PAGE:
‘There are children playing in the street.’ That is the first stage direction for the first scene of a new television serial aired on December 9, 1960, Coronation Street. There’s a sort of haunting quality to that period of Northern drama: the lights are low, the accents are rich, and there’s always a sense of exact experience, lived for the camera. (“That new pullover’s turned out a treat,” Ken Barlow’s mother says.) The characters are steeped in the present of their own predicaments, deep in Manchester, but they also eternal, living now in the permanent mind-set of a work of art. I feel the same when I watch English films that came out around the same time. Salford, in A Taste of Honey, might be on the brink of change, but it lives in that film like a piece of knowledge that can never be erased. Maybe it’s a working-class British version of what Marcel Proust was always on about: the sense that a perfect form of life existed familiarly in one fleeting moment, a model of home.
When I was a teenager, Manchester was the gold standard. We lived in Scotland, in a suburban new town 25 miles from Glasgow, but we spoke about Manchester like it was a mythical territory. It was Xanadu and Avalon, Nirvana and Brigadoon, yet just about reachable for £9 on the National Express. Glasgow was a world of dancehalls, and we’d heard about Northern Soul – a whole universe of Saturday nights – and the idea that men and women could dance as equals and rip up the rules. But for my generation it was Joy Division, it was Factory Records in general, then The Smiths, that gave you the feeling that Manchester was a secret weapon in the fight for selfhood. We loved the vibrancy, the patter, the irony in the songs, the sense of working-class glamour, the films, the non-London-ness, and we took to it like a host of mayflies that had recently hatched over the Pennines.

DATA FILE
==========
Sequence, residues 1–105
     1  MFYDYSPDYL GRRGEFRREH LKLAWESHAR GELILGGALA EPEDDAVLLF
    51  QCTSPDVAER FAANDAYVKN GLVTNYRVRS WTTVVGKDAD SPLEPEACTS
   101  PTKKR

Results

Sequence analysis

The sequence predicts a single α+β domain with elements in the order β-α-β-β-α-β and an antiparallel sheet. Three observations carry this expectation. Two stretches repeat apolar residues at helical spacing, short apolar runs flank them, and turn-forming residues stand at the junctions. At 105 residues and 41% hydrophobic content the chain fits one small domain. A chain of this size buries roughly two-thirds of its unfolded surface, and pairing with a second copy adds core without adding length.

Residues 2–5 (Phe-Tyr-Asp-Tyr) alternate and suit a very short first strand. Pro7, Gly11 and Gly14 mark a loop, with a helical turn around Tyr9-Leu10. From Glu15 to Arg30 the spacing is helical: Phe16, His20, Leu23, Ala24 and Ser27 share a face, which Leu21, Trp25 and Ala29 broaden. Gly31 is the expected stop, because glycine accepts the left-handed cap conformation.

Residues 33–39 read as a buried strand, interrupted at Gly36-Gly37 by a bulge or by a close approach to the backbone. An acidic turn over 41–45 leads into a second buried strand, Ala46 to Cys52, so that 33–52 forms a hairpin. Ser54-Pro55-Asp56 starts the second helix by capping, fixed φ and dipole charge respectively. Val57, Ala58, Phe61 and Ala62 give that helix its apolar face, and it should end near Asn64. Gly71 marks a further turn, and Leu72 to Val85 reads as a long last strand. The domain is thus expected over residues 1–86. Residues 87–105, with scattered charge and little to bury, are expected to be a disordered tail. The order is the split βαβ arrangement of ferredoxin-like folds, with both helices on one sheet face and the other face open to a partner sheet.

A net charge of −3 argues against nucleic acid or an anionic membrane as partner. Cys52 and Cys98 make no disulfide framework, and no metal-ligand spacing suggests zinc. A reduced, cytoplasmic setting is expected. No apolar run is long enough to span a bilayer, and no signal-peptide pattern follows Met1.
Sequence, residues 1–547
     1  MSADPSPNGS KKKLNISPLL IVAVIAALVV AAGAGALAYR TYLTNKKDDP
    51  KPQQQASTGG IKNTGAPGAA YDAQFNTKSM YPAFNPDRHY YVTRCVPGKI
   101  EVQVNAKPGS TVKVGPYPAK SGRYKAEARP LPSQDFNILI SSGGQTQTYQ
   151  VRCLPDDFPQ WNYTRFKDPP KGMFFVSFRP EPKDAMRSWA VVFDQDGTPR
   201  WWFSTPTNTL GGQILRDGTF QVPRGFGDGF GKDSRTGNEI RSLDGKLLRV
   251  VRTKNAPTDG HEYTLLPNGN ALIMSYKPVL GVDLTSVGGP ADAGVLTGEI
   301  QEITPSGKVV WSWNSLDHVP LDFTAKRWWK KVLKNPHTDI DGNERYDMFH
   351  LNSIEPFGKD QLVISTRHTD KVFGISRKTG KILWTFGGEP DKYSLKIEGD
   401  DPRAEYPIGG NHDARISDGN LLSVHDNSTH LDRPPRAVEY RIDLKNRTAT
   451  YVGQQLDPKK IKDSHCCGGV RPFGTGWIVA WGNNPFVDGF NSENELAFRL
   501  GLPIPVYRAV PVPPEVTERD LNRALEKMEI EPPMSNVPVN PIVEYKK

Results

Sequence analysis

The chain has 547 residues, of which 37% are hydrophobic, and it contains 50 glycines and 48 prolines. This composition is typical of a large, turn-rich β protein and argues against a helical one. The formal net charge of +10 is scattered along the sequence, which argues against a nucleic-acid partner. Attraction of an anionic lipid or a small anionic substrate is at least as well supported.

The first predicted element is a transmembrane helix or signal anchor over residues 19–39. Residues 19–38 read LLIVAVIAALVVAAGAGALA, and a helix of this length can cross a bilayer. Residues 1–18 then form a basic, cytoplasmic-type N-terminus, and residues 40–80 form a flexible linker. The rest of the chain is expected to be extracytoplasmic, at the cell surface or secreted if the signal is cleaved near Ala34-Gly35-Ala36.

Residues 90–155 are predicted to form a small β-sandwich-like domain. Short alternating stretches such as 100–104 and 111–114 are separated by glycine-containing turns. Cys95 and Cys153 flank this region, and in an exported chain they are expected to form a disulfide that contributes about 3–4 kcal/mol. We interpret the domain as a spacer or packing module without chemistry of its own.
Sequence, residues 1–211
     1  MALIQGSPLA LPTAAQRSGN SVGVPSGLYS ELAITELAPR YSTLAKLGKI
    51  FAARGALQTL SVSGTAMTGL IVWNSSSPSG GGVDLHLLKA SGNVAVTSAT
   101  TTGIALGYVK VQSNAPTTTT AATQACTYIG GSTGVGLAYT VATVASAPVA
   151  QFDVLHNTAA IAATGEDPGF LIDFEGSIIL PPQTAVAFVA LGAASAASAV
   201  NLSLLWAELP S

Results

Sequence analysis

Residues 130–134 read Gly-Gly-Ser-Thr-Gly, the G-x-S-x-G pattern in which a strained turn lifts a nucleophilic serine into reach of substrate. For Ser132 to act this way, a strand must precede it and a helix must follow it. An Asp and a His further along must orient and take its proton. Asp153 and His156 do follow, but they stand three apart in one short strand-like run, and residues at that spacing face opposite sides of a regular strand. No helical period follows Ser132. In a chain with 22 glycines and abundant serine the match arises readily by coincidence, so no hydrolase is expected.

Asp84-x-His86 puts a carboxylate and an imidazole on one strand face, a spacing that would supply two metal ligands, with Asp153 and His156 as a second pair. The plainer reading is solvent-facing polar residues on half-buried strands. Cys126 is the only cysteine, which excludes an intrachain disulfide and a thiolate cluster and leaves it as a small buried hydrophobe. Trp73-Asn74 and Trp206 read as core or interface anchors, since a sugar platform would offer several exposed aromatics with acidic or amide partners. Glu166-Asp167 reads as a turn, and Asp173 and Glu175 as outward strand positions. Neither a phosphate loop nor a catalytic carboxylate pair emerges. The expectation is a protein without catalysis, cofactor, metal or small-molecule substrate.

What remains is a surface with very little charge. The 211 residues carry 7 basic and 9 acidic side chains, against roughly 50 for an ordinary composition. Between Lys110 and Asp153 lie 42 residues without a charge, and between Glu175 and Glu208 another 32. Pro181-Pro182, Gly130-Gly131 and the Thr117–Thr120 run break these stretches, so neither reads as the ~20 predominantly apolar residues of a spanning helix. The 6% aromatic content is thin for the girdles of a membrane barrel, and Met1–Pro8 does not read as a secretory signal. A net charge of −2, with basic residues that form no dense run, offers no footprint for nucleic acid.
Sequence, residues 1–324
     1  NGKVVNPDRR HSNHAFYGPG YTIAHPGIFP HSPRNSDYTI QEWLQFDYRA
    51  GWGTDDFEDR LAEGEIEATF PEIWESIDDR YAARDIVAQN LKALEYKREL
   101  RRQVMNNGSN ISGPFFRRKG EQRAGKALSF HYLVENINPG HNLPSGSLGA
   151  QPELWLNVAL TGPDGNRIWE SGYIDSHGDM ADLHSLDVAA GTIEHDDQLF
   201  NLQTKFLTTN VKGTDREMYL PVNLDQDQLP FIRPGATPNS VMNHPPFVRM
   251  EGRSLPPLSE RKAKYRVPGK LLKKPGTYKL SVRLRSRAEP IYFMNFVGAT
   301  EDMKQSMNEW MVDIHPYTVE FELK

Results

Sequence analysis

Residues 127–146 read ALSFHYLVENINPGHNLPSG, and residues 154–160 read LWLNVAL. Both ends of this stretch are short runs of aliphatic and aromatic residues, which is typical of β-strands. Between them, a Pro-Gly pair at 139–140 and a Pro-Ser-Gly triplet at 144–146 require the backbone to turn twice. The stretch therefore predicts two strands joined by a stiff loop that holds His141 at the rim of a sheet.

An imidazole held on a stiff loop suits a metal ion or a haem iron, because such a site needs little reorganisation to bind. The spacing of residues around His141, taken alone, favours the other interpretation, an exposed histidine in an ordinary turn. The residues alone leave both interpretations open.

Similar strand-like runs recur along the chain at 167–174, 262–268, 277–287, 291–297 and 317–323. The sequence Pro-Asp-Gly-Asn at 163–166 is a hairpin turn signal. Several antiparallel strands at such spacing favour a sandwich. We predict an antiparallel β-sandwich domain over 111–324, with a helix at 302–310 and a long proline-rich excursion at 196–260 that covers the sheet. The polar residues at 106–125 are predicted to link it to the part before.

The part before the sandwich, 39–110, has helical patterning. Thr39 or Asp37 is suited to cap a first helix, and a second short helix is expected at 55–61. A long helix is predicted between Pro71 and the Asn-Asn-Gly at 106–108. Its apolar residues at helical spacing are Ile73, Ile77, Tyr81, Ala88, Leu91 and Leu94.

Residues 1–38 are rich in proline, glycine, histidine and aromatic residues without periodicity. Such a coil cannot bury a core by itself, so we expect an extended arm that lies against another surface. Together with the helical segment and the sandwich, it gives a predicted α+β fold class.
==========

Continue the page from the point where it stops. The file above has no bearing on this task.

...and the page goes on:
When you’re a novelist, as I am, you begin early in your life to recognise the sort of material that has the inner stuff, the right kind of power, to make an original story. I can’t promise you I knew it at 18, but I sort of did, and I always knew a day would come (if luck would have it) when I’d write a Manchester novel. The seeds were truly planted the weekend of July 18, 1986, when we came down for the Festival of the Tenth Summer, a huge bash celebrating the 10th anniversary of The Sex Pistols gig at the Lesser Free Trade Hall. A bunch of Scots lads aged 18-20 on the rampage in Manchester for a weekend, loving The Fall, drinking up a storm at the Britannia Hotel, visiting the International Club, and attending a huge, unforgettable gig in the newly-opened G-Mex. If that’s not the stuff of a novel, I don’t know anything about the art-form. The joy of youth. The mad, full pelt of being, with the best soundtrack there has ever been. Come on.
The boys on that trip grew up and fell away, but we kept in touch and we never forgot what happened that glorious weekend. It was a Manchester of the mind, and a high point for boys still recovering from the Miners’ Strike, to feel you could love the place you were in and take that love into your character for life. Mayflies became the story of those boys, and it goes on to pick up the story 30 years later, when bad news arrives for one of them. Spooling back in time, I wanted to find us again and what I really found, apart from a lifetime of love, was the permanent shine of Manchester and Salford. The book became a tribute to the exact experience I’ve been talking about. I still dream of it, that Manchester – the orange buses and the long clear light of the afternoon, knowing there would be more drink, more laughter, with the future held at bay. And when the future comes, I said to myself, it will include this clear light and this feeling, distilled in Manchester. And the music will play on, and it will always say – this was yours, and these streets, too.
By Andrew O’Hagan
Main image: Andrew O’Hagan 2020. Credit: Jon Tonks.